The Highest Tide is a love story on several levels. Superficially, it is about the romantic love thirteen-year-old Miles O’Malley feels for his former babysitter Angie; his caring love for his older neighbor Florence; his comradely love for his friend Kenny Phelps; and his conflicted love for his parents and their conflicted love for each other. But overarching them all is a love for the beauty of life in the sea, and how much there is to see around you if only you take the time to look.
This lovely paean to marine life turns tidepools into treasure chests, as we accompany Miles on his nightly collecting forays into Skookumchuck Bay in Puget Sound. We learn about the dazzling beauty of the Nudibranch, the mating habits of barnacles, the defensive strategies of sea cucumbers, and the nesting patterns of butterfly squids. We become acquainted with the addictions of razor clams, the male parenting skills of sea horses, the navigational hazards of sand dollars and survival tactics of sand fleas. No dry encyclopedia is this, but rather a picture book of words that evokes such images as “pulsing moon jellies” in “an endless gaggle of fringed, see-through flowers packed so tightly together… they changed the texture and color of the bay in the silvery glare of the forgotten sun.”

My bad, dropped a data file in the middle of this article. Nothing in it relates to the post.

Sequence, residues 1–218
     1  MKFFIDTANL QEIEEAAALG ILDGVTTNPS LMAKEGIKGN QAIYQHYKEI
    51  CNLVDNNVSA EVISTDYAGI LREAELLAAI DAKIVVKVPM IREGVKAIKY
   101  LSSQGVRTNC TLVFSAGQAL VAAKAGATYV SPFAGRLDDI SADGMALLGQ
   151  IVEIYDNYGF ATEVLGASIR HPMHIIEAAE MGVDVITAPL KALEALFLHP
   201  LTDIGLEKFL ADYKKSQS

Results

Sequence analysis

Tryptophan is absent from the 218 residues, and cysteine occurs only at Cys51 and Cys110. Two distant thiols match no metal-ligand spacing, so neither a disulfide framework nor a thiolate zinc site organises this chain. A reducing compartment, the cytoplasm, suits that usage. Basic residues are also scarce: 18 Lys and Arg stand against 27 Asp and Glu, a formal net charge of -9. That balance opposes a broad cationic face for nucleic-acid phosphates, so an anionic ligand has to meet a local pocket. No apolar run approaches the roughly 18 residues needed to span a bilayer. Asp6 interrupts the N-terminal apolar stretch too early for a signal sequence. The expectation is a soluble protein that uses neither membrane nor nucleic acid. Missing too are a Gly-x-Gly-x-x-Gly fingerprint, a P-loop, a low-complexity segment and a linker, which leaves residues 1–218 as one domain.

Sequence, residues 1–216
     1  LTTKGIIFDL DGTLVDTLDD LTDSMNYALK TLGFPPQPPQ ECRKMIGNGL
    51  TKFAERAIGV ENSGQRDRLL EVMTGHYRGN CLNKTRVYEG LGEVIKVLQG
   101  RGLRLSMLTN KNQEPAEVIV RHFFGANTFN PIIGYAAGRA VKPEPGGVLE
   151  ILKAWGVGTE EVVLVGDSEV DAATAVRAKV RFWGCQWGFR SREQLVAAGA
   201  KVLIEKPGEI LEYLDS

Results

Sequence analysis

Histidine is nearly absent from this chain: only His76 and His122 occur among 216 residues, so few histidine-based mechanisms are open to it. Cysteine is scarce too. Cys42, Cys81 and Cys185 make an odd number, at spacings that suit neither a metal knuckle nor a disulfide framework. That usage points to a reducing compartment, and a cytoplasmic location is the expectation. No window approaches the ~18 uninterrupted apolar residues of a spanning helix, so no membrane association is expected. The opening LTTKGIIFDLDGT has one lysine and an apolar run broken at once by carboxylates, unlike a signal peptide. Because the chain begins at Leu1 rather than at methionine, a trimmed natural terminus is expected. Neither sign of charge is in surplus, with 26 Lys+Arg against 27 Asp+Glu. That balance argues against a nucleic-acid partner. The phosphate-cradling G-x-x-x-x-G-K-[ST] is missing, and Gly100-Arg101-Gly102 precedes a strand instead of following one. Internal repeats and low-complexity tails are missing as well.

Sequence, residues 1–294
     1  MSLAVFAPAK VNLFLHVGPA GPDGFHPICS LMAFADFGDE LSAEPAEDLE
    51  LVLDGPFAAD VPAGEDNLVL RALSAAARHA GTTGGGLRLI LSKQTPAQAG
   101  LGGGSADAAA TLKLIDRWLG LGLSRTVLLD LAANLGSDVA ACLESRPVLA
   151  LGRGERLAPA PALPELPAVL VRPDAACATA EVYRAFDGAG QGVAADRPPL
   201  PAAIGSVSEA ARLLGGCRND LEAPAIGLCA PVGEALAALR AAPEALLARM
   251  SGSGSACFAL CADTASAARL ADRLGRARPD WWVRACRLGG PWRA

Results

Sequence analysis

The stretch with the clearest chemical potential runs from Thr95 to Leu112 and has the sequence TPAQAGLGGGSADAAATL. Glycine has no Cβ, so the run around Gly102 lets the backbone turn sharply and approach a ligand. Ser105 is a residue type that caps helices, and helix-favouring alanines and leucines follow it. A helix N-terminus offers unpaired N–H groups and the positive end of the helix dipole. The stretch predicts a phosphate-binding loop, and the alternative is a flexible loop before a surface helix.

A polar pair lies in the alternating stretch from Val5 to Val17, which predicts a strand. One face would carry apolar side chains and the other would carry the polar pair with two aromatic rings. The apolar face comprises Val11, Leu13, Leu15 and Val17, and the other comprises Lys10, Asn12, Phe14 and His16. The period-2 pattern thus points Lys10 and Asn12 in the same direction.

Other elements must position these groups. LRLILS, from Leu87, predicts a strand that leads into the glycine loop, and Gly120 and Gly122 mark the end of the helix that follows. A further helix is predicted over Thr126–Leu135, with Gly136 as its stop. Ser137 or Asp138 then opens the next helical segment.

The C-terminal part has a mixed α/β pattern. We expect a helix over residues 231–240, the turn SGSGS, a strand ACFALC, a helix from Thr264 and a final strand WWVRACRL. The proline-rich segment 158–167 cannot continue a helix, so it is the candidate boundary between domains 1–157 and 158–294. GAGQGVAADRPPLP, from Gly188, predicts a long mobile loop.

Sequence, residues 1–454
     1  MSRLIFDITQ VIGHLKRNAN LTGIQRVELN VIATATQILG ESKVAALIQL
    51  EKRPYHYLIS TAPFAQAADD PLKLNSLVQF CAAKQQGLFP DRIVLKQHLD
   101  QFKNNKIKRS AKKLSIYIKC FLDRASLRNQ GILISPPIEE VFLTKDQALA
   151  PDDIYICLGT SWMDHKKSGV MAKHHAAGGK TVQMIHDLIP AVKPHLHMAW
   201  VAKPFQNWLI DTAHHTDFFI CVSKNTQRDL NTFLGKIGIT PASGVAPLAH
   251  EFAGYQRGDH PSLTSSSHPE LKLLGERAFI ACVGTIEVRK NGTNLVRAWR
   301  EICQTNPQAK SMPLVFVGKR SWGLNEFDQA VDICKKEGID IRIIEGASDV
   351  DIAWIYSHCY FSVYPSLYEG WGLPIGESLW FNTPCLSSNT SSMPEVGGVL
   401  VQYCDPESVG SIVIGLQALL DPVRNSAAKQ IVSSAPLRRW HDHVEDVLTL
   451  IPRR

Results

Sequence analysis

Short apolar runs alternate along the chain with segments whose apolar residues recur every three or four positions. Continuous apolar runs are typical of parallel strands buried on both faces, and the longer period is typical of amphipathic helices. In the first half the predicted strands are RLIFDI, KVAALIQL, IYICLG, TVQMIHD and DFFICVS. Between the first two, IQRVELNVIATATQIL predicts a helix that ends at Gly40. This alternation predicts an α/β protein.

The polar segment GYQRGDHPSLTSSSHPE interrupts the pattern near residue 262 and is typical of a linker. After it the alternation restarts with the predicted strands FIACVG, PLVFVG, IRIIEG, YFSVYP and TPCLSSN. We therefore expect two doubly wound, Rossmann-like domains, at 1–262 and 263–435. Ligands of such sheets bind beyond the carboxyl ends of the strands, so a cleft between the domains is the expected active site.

Miles escapes to the sea when he feels troubled:
“. . . it was hard for me to feel fear or sadness at dawn on that bay, especially when I knew the sun wouldn’t set for another fifteen hours and thirty-two minutes, and the water was so clear I could see coon-stripe shrimp in the eelgrass near the tavern and the bottomless bed of white clam shells pooled across the sunken tip of Penrose Point.”
In this summer that marks Miles’ coming of age, the transmutations that come into his life are echoed by the changes in the ocean, yet Miles understands that it is all part of an ever-flowing process; that life is both unique and timeless. From his study of Rachel Carson, he learns the lesson to “see as much as you can see.” Adults, caught up in their long “to-do lists” tend to forget the beauty and magnificence of nature, and even, of each other.
Published by Bloomsbury USA, 2005